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'AITA for telling my fiancé he can't wear the dress at our wedding?' UPDATED

'AITA for telling my fiancé he can't wear the dress at our wedding?' UPDATED


"AITA for telling my fiancé he can't wear the dress at our wedding?"

My partner (30M) and I (29F) are getting married next year. We were discussing wedding planning and out of the blue he asked me how I would feel about "subverting" tradition by having him wear the wedding dress while I wore a tux on our wedding day. When he said this I actually laughed out loud because I was sure it was a joke, but turns out he was dead serious.

He said he finds tuxes are very similar to each other and feel a lot like wearing a suit to a job interview, but he wanted to wear something "special" when he got married and he had always thought wedding dresses were so beautiful and different from each other.

I told him no, it wouldn't be appropriate and would turn our wedding into a spectacle and would probably change the way a lot of our friends and family view us. My family is quite progressive but I think even they would wonder what was going on. He said "OK" but seemed down for the rest of the night.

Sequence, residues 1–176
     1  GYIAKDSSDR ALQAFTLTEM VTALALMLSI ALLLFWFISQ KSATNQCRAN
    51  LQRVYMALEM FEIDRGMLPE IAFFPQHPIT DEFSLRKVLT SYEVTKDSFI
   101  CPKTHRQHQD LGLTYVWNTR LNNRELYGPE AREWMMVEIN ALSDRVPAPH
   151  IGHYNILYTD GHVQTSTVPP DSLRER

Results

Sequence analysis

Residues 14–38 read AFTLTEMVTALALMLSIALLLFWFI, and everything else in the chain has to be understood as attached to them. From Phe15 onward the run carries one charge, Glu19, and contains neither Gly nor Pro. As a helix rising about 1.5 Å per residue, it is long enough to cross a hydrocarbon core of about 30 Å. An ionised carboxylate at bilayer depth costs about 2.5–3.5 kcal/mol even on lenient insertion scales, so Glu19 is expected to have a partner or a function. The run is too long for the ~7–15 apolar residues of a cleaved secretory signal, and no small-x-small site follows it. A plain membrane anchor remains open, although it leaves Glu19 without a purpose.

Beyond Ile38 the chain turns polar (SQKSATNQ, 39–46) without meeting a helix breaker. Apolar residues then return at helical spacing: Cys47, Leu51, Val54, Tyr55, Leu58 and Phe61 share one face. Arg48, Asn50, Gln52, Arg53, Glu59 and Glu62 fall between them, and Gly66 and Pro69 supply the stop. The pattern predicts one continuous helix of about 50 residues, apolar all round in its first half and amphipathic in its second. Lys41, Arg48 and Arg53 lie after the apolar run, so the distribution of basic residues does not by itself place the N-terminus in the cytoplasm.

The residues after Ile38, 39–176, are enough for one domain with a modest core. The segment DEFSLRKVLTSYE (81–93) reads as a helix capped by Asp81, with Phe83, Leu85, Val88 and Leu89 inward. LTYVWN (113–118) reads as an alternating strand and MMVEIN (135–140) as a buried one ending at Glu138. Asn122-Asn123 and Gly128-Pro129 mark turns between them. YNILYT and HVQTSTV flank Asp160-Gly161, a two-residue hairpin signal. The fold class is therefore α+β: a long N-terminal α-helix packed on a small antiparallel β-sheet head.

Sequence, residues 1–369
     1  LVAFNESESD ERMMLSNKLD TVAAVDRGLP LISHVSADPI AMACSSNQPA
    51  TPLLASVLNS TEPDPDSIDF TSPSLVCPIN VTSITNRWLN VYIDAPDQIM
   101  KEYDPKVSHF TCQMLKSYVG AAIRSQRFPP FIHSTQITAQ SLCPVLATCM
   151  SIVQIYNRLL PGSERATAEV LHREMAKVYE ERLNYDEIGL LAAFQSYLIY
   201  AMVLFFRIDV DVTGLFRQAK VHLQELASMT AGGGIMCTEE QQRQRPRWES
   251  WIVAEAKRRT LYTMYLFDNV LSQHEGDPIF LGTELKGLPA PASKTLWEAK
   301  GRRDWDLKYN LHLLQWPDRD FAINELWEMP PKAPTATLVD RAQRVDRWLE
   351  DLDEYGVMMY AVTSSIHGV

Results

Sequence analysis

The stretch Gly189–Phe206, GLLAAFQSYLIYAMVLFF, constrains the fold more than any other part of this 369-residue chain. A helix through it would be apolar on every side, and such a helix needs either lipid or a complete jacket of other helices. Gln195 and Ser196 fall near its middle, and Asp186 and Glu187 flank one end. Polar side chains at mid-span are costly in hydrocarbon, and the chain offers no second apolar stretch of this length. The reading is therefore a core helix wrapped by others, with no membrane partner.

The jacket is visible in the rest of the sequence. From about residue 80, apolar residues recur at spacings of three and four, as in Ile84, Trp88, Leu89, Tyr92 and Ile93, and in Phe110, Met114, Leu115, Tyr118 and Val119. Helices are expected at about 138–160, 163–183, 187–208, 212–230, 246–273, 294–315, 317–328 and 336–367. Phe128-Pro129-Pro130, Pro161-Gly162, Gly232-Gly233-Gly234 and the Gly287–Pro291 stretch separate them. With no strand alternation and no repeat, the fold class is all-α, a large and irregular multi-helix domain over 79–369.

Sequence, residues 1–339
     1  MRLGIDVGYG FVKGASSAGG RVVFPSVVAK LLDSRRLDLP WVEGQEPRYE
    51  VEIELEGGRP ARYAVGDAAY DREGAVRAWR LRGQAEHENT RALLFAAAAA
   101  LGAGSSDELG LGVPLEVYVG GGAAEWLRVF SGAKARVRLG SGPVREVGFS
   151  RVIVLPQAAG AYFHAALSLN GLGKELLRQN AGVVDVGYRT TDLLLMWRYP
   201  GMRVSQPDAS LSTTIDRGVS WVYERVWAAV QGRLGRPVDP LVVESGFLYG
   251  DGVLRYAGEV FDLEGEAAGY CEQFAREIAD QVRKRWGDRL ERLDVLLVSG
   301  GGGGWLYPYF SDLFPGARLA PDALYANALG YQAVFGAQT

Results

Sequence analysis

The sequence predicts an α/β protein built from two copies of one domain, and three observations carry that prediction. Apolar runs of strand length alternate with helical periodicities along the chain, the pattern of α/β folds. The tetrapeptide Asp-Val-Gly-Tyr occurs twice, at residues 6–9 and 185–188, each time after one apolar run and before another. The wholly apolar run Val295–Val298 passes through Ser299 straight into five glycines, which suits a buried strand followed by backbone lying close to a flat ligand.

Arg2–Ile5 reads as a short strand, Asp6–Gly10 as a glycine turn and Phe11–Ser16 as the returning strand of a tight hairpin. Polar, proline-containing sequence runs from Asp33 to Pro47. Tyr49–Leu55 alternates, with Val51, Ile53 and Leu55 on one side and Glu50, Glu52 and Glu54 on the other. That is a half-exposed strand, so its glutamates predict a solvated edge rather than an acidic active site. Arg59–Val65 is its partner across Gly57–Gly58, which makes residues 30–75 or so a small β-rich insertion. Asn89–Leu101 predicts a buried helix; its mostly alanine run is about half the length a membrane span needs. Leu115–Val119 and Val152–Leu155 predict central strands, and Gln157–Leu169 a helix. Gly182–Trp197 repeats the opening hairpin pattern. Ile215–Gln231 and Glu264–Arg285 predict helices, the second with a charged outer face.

We're both very progressive and have several close friends who are gender nonconforming, nonbinary, or simply like cross-dressing so that has never been an issue, but even though we have been together for 5 years he has never expressed any desire to do so before.

It would be OK with me if he wanted to experiment, and I think it would even be a different story if this was something that was integral to his daily identity that he wanted to be reflected in our wedding. I just don't understand why he wants the first time to be on our wedding day. AITA for being controlling over his wedding attire choices?

Here's what top commenters had to say about this one:

Smurff8 said:

I think you need to have a much deeper conversation with your fiance BEFORE the wedding.

AdAccomplished6870 said:

NTA, but you should have other cponversations. Is gender non-conformance something they want to pursue in their personal life? Are they unhappy with the wedding as planned? Are there other ways of expressing uniqueness or seeking comfort (like a Kilt) that would meet their needs without necesarily turning into a huge spectacle or statement.

It may be that other types of non-traditional garb would meet their needs. You are not wrong to have concerns about jumping straight to swapping garb, but you do need to have some conversations with them to make sure they don't have something else going on, and that they do not resent the way the wedding is being planned.

Viperbunny said:

NTA. That is a lot to spring on you before your wedding. It would be one thing if it was something he had been doing. To just show up in a wedding dress on the day is going to cause some confusion.